The show is hosted by Christian Barry and produced by Matt Peterson
Public Ethics Radio is a production of the Centre for Applied Philosophy and Public Ethics, an Australian Research Council Special Research Centre, at the Australian National University, the University of Melbourne, and Charles Stuart University. 

The first episode features Thomas Pogge on Pharmaceutical Innovation. Upcoming episodes will feature Leif Wenar (Kings College London) on the Resource Curse, Jessica Wolfendale (University of Melbourne) on Torture Lite, and Larry Temkin (Rutgers) on Extending Human Lifespans. 

Monday, 25 August 2008

Monday, 18 August 2008

Brooks' 5 tips for getting published

Thom Brooks has written a very helpful and readable article on publication for early-career academics which can be found here. It develops some of the ideas from his previous advice for graduates on getting published, which can be found here

Wednesday, 13 August 2008

New Philosophy Bookmarking Site: 'Sympoze'

Yet another site to add to the list:

Sympoze is a new social networking and bookmarking site for philosophers. Sympoze will help you stay current on what professional philosophers are reading and enjoying. Sympoze is currently in beta testing. If you would like to join and start submitting and/or voting up content from philosophy blogs, online papers, and philosophy journal articles, then email Andrew Cullison via [lastname] [at] [fredonia] [dot] [edu].

Social bookmarking is a way for social networks to collectively save, rate, and promote online content. At Sympoze users can submit links to philosophy content that they enjoy - from philosophy blog posts, links to unpublished papers, or links to published journal articles they enjoy or think other philosophers will enjoy. Once a user submits a link, the rest of the Sympoze community can "digg" the content. Popular scoops will automatically be promoted to the front page so everyone (including non-users) can get an up to the minute update concerning what's hot in philosophy.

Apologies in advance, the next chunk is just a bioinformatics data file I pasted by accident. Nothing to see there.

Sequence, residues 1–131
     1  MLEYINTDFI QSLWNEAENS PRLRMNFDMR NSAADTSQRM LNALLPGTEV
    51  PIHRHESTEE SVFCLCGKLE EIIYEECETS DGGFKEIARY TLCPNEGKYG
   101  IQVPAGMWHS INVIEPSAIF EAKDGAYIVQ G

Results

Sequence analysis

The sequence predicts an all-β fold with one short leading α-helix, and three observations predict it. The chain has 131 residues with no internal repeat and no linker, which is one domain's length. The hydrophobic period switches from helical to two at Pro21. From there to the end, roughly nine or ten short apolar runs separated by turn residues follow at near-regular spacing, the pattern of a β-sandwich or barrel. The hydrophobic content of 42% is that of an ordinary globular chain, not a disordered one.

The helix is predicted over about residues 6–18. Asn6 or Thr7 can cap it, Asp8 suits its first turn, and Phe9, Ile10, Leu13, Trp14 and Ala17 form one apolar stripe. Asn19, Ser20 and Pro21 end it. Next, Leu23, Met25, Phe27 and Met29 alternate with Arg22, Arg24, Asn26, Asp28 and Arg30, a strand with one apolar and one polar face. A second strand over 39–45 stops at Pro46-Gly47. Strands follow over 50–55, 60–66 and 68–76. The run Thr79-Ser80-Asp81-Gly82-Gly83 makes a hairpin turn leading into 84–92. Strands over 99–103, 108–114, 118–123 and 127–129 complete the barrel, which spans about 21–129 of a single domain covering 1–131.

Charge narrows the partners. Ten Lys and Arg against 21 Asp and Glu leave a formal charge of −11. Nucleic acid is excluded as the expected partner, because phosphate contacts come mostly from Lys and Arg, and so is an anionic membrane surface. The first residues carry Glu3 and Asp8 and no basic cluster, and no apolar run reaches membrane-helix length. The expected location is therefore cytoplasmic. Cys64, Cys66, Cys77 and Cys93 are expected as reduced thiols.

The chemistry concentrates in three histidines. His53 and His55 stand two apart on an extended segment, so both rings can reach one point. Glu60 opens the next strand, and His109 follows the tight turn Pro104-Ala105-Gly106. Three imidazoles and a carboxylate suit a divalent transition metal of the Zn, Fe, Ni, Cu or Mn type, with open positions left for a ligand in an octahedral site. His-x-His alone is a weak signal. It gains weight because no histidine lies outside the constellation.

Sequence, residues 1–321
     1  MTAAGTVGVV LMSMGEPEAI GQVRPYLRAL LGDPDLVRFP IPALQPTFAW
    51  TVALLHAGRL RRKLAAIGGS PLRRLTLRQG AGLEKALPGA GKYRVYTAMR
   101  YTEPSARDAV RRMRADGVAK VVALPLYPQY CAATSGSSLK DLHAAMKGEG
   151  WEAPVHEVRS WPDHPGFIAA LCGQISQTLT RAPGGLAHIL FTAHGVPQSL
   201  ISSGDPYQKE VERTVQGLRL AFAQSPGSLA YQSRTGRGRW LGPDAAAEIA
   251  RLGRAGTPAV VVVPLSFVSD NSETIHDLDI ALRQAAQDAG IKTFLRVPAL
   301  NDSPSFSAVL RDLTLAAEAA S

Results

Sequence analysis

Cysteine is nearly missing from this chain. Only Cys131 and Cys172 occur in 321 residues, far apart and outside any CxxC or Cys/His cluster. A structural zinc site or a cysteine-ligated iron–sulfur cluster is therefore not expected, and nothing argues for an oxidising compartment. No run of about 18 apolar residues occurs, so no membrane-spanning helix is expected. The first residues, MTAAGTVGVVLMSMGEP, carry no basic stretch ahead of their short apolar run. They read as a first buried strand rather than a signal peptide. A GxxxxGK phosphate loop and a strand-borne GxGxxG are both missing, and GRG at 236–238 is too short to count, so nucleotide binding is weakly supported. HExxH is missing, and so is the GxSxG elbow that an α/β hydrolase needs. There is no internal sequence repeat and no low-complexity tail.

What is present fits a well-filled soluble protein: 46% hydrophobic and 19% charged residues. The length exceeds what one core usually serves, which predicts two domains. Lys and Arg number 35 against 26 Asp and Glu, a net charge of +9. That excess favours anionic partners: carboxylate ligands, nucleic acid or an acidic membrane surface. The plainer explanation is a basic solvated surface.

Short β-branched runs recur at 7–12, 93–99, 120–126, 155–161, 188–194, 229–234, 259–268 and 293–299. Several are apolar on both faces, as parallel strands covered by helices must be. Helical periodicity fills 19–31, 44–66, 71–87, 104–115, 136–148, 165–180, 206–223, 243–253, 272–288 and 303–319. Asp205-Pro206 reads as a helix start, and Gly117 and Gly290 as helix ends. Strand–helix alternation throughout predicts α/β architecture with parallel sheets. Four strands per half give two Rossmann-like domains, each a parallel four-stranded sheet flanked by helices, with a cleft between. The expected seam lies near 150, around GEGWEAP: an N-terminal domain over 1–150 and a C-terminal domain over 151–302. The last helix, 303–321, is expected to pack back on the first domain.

The unique feature about Sympoze is that User accounts are limited to persons with graduate degrees in philosophy or who are enrolled in a philosophy graduate program. This will ensure that the content being voted up and down will reflect the opinions of professional philosophers - however, everyone will be able to view the content that philosophers vote up and down. Philosophers are encouraged to submit links to any philosophy content available online including links to their own material be it a blog post, an online paper, or a link to a philosophy journal article.

Academia.edu New Look

Academia.edu - the popular networking site for academics - has had a makeover. The main change is the addition of a function which allows one to search departments and view the members of particular universities in a 'tree' 

Paris and Bavaria by Train

I've been away for a long weekend visiting family in Bavaria, Germany. We decided to travel by train rather than fly, for various reasons, both altruistic (environmental concern) and selfish (fear of flying). We took the Eurostar to Paris, spent an afternoon walking down the Seine and an evening drinking wine overlooking Notre Dame, before boarding the sleeper to Augsburg (nr. Munich). We arrived fairly refreshed at about 8am the next morning, feeling rather smug. I'd recommend to anyone planning a trip to Western Europe from the UK to consider traveling by train - all the information needed on timetables etc. can be found here

Tuesday, 5 August 2008

Peer Review

There's an interesting post from Nigel Warburton over at Virtual Philosopher on the peer review process in academia, with an equally interesting reply from Tim Crane - I especially like the idea of getting a grant not to publish!